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Talk It Through: Three Ways to Collaborate with Partners On Large Projects

collaborate with partners

Any large project between client and partner is going to come with its logistical challenges. But what happens when another partner is brought into the loop? Does having more than one solution provider become a nightmare waiting to happen, or is collaboration manageable and everything will run smoothly? How can the project effectively be managed? I’ve thought on these questions recently after working on a few projects with multiple partners. There’s no reason to believe that the projects I’m referring to were nightmares. In fact, these projects were managed with different methods that happened to work. The experiences I had inspired me to want to take a step back and learn why the projects ran smoothly without any game-changing hiccups at the last minute.

What Does Perfect Communication Look Like?

What is the key to effective collaboration? Communication. So that’s it then? Have communication and the project will go off without a hitch? I don’t believe this is the case. Here’s a quote from an instructor of mine that was etched into my memory: “Practice doesn’t make perfect. Perfect practice makes perfect.” I think this applies nicely to project communication. It’s not enough to have communication — but rather, that communication needs to be “perfect.”

So, if “perfect” or effective communication is key ... then what does perfect communication look like? This is where I started my investigation into what made the collaborative projects successful.

First, Collaborate Upfront on Projects that Don't Require Close Interaction

How to handle the communication between various partners working on a project is of course going to depend on the unique project requirements. A project might have requirements that allow parallel work to occur without any interaction — or very little interaction — between the partners. In this case, having upfront communication can provide the roadmap for each partner to complete the job effectively and on time. Things to discuss upfront include the following: the various points of integration, the likelihood that integration touchpoints will change, modifications to project requirements, possible delays from any involved partners, technical issues in the development environment, and more.These are all details that need to be considered when working with multiple partners.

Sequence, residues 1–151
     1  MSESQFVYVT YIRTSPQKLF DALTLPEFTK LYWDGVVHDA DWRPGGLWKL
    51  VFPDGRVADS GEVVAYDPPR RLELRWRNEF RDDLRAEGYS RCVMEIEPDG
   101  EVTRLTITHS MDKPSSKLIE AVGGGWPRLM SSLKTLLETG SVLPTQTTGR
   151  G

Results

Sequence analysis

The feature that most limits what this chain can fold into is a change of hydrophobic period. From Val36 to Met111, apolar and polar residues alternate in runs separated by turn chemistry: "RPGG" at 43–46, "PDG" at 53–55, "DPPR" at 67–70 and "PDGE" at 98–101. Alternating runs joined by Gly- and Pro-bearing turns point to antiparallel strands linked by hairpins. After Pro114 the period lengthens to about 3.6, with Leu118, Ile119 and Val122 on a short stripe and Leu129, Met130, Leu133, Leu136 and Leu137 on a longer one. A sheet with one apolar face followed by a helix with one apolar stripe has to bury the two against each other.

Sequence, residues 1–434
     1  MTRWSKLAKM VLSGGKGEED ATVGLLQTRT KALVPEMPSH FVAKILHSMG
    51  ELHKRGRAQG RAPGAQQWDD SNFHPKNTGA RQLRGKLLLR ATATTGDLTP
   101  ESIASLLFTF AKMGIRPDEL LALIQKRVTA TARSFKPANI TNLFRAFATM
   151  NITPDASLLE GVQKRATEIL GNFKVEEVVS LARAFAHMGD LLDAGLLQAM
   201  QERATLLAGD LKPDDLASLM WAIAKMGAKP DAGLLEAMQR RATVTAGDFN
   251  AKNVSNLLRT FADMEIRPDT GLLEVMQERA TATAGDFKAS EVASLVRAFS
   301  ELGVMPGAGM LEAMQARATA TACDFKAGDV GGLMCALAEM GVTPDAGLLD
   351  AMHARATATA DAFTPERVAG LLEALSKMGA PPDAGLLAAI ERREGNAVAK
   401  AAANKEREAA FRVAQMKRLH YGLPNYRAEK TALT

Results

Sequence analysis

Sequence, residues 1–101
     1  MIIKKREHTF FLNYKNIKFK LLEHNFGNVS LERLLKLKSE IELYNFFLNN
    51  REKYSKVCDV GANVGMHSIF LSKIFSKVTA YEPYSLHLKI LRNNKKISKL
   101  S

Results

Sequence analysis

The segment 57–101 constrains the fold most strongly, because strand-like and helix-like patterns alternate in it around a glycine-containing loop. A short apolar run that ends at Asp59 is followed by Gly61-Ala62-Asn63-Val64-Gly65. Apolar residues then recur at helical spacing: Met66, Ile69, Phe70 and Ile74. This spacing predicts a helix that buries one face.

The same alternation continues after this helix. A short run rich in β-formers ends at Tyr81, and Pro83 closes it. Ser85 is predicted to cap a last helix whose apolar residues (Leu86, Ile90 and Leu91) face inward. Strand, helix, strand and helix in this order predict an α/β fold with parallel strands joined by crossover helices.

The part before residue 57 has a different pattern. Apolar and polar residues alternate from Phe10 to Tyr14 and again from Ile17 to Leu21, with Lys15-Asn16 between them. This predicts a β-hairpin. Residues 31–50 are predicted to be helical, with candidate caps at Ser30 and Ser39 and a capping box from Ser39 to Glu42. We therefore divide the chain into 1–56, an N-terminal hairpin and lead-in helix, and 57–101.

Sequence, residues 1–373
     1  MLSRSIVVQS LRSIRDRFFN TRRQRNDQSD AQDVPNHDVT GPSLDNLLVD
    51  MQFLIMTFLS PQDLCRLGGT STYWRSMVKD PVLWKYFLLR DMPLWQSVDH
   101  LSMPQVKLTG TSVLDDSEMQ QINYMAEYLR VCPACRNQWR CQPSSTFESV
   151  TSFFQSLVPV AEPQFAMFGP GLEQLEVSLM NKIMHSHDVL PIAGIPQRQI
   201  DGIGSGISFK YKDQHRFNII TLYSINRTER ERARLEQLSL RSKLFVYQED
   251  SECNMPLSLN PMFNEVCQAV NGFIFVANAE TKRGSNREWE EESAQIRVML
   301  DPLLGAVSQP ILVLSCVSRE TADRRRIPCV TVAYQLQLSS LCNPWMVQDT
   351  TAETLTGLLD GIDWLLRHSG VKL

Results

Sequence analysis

Some of those points, such as technical issues and delays, will be unexpected. Adaption from all parties will be the solution to getting through those times. A successful collaborative project where partners do not communicate regularly needs to consider the level of integration between the partners' deliverables in the final product. If touchpoints consist of simple calls or providing data in some data store, then allowing work done by each partner to be carried out autonomously could work smoothly. The picture here is not too complicated in that case: A few partners will work on their own with little concern for what each other is doing.

The story changes if the integration is tighter, however. In this case, the project requires more direct interaction between the systems. And thus, the project requires greater collaboration.

Second, Working Together on Close Integrations

So what is different when the systems are tightly integrated? Both partners are now more susceptible to changes that each other is performing. Clearly this has the potential to introduce bugs into the overall system if one party is not aware of the modification. But the impact is easily mitigated through updates to partners when changes are planned. But how should this be organized?